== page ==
Three Comedies from Alliance
Ghosts of Girlfriends Past (September 22/09)
As superficial and melodramatic as one might've expected, Ghosts of Girlfriends Past stars Matthew McConaughey as Connor Mead - a high-powered fashion photographer who has long-since established a reputation for himself as an unapologetic ladykiller. His skirt-chasing ways are threatened after he's provided an up-close-and-personal look at the meaningless nature of his existence by three ghosts, which inevitably forces him to reconsider his relationship with longtime friend Jenny Perotti (Jennifer Garner). Ghosts of Girlfriends Past has been infused with precisely the sort of predictable and downright familiar sensibilities that one has come to associate with most modern romantic comedies, and it's certainly not surprising to note that McConaughey's mere presence ultimately winds up exacerbating the film's various problems - as the actor delivers a variation on the smarmy work that he offers up at least twice a year in other films of this ilk. It's clear that McConaughey actually fares more poorly than he usually does, however, as he's inexplicably playing even the most low-key of moments at a level of energy that seems incongruous to the material (although, to be fair, the actor does a nice job with a heartfelt third-act speech). And while the supporting cast has been peppered with a number of familiar faces - including Breckin Meyer, Lacey Chabert, and Robert Forster - Michael Douglas' turn as Connor's sleazy uncle inevitably establishes itself as a highlight within the proceedings (which, given a proliferation of lines like "dames, they're like horses - they spook easy," certainly doesn't come as much of a surprise). The end result is an almost aggressively mediocre romcom that's unlikely to hold much appeal for most viewers, and it's impossible not to wonder just how many more of these things McConaughey has in him (ie it's becoming increasingly difficult to remember that the guy once possessed a whole lot of promise).
Nothing Like the Holidays (November 8/09)
A warm, unabashedly sentimental drama, Nothing Like the Holidays follows the extended Rodriguez clan as they assemble at the home of Edy (Alfred Molina) and Anna (Elizabeth Pena) to celebrate Christmas - with the bulk of the proceedings subsequently detailing the easy-going banter and arguments that inevitably ensue. Director Alfredo De Villa - working from a script by Alison Swan and Rick Najera - has infused the movie with an atmosphere of authenticity that proves impossible to resist, as the palpable chemistry between the various characters is consistently reflected in the ease with which they converse with one another (and there's little doubt that this emphasis on the Rodriguez's good-natured ribbing effectively perpetuates the familial vibe that's established early on). It's also worth noting that the film never quite succumbs to the eye-rolling histrionics one might've anticipated, which is certainly no small feat given the inclusion of a few admittedly melodramatic surprises and revelations (ie a certain person isn't quite as healthy as they appear to be). Molina and Pena's expectedly stellar work is matched by a uniformly impressive supporting cast that includes John Leguizamo, Luis Guzman, and Vanessa Ferlito, with Freddy Rodriguez's poignant turn as Edy and Anna's just-home-from-Iraq son a particular standout and a catalyst for some of the movie's most heartfelt sequences. There's ultimately little within Nothing Like the Holidays that viewers haven't seen countless times before, yet the film's air of pervasive congeniality generally makes it easy enough to overlook its reliance on overly familiar elements.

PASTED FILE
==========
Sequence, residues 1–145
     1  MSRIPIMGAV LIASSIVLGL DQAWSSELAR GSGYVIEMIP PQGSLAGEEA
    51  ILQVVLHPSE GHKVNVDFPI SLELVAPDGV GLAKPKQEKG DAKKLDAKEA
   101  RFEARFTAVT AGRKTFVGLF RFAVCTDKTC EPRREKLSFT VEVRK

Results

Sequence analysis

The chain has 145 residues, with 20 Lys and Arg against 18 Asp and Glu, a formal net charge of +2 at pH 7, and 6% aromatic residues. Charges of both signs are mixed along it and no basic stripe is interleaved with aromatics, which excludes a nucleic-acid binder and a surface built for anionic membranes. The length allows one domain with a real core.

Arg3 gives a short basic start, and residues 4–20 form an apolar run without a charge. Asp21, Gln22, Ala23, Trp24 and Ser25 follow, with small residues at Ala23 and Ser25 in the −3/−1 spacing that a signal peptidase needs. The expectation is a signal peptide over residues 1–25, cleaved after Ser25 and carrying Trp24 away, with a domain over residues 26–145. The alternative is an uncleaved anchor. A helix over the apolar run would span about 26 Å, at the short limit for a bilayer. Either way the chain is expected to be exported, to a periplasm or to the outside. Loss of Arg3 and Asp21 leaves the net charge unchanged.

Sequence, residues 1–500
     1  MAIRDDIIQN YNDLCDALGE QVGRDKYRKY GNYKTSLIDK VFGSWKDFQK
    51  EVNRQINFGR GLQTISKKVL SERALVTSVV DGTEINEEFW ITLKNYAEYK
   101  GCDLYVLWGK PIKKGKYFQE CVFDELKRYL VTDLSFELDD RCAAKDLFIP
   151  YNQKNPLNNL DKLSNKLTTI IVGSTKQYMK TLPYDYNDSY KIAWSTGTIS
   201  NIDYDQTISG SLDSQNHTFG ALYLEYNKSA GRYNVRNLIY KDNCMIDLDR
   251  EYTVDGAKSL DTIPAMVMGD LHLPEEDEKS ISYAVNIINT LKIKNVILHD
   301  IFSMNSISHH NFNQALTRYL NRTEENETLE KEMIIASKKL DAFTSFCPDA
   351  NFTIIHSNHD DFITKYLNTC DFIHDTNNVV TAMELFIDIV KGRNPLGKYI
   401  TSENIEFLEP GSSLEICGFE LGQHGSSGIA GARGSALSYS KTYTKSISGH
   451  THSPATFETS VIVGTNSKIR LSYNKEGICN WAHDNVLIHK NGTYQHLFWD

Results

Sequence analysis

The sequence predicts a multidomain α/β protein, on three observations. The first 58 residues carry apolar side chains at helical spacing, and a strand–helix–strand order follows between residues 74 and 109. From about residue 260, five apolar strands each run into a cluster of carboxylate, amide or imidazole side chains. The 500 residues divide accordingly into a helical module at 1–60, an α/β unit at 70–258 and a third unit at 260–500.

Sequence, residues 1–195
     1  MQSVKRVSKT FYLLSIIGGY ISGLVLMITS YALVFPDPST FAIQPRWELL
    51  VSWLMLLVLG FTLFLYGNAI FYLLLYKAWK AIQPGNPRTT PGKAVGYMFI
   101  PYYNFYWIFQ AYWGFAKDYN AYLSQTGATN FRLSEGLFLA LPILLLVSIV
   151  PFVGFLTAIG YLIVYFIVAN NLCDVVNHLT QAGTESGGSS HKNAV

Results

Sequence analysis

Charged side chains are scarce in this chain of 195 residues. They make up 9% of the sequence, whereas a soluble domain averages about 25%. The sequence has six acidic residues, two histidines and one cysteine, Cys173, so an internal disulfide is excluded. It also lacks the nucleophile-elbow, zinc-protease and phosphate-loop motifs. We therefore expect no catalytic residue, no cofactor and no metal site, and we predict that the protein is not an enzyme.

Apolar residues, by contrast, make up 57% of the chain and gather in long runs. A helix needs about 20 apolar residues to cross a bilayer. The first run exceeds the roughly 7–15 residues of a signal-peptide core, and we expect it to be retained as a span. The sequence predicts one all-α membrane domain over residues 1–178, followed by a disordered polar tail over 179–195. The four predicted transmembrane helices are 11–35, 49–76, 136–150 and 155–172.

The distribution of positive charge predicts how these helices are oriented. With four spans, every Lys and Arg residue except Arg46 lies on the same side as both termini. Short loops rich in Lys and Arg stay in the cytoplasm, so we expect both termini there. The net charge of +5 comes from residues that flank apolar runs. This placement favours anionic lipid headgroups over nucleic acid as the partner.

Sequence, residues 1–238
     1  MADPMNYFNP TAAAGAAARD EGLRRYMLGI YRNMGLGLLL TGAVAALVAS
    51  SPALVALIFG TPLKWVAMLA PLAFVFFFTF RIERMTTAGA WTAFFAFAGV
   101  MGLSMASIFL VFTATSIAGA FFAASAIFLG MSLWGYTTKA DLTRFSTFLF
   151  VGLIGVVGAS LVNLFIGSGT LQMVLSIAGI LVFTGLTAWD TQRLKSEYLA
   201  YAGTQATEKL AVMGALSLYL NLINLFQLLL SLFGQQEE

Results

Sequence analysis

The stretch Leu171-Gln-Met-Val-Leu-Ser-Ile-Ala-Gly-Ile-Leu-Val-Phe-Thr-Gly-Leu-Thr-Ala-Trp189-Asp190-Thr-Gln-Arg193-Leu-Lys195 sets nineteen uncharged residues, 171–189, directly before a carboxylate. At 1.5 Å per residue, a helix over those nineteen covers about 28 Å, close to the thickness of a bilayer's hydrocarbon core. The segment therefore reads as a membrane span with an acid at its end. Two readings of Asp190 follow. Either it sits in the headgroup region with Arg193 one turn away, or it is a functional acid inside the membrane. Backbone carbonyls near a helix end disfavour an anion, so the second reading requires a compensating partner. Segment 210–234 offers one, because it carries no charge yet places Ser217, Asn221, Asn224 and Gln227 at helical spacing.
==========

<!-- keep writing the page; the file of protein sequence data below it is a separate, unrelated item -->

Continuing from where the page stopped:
Visioneers (December 6/09)
Though armed with an impressive cast that includes Zach Galifianakis, Judy Greer, and James LeGros, Visioneers suffers from a pervasively meaningless vibe that effectively (and instantly) transforms it into a seriously oppressive and downright unwatchable piece of work. The eye-rollingly surreal storyline follows Galifianakis' George Washington Winsterhammerman, a level three "tunt" at the monolithic Jeffers Corporation, as he becomes increasingly concerned for his safety after people start spontaneously exploding, with the film subsequently detailing George's ongoing efforts at breaking out of his corporate rut and wooing a fetching former coworker (Mia Maestro's Charisma). It's not surprisingly to note that Visioneers effectively alienates the viewer right from the get-go, as director Jared Drake offers up an aggressively off-the-wall landscape that's exacerbated by the aimless, frustratingly vague bent of Brandon Drake's screenplay. The Drakes have infused the proceedings with a heavy-handed sensibility that results in an atmosphere of preachiness that's nothing short of intolerable, with the siblings' ongoing attempts at satirizing various corporate elements falling woefully flat and ensuring that the movie boasts the feel of a two-minute short that's been ungainly expanded to feature length. It accordingly goes without saying that the vibe of jaw-dropping incompetence extends even to the actors, with talented folks like Galifianakis and Greer left floundering in their unconscionably underwritten roles (ie one would, based on their flat work here, never guess that these performers had ever possessed even an ounce of charisma). The proliferation of hopelessly juvenile bits of comedy (ie characters greet one another by flipping the bird) cements Visioneers' place as an epically misguided piece of work, and it's ultimately difficult to envision any rational viewer finding much of anything within the proceedings worth embracing.
no stars out of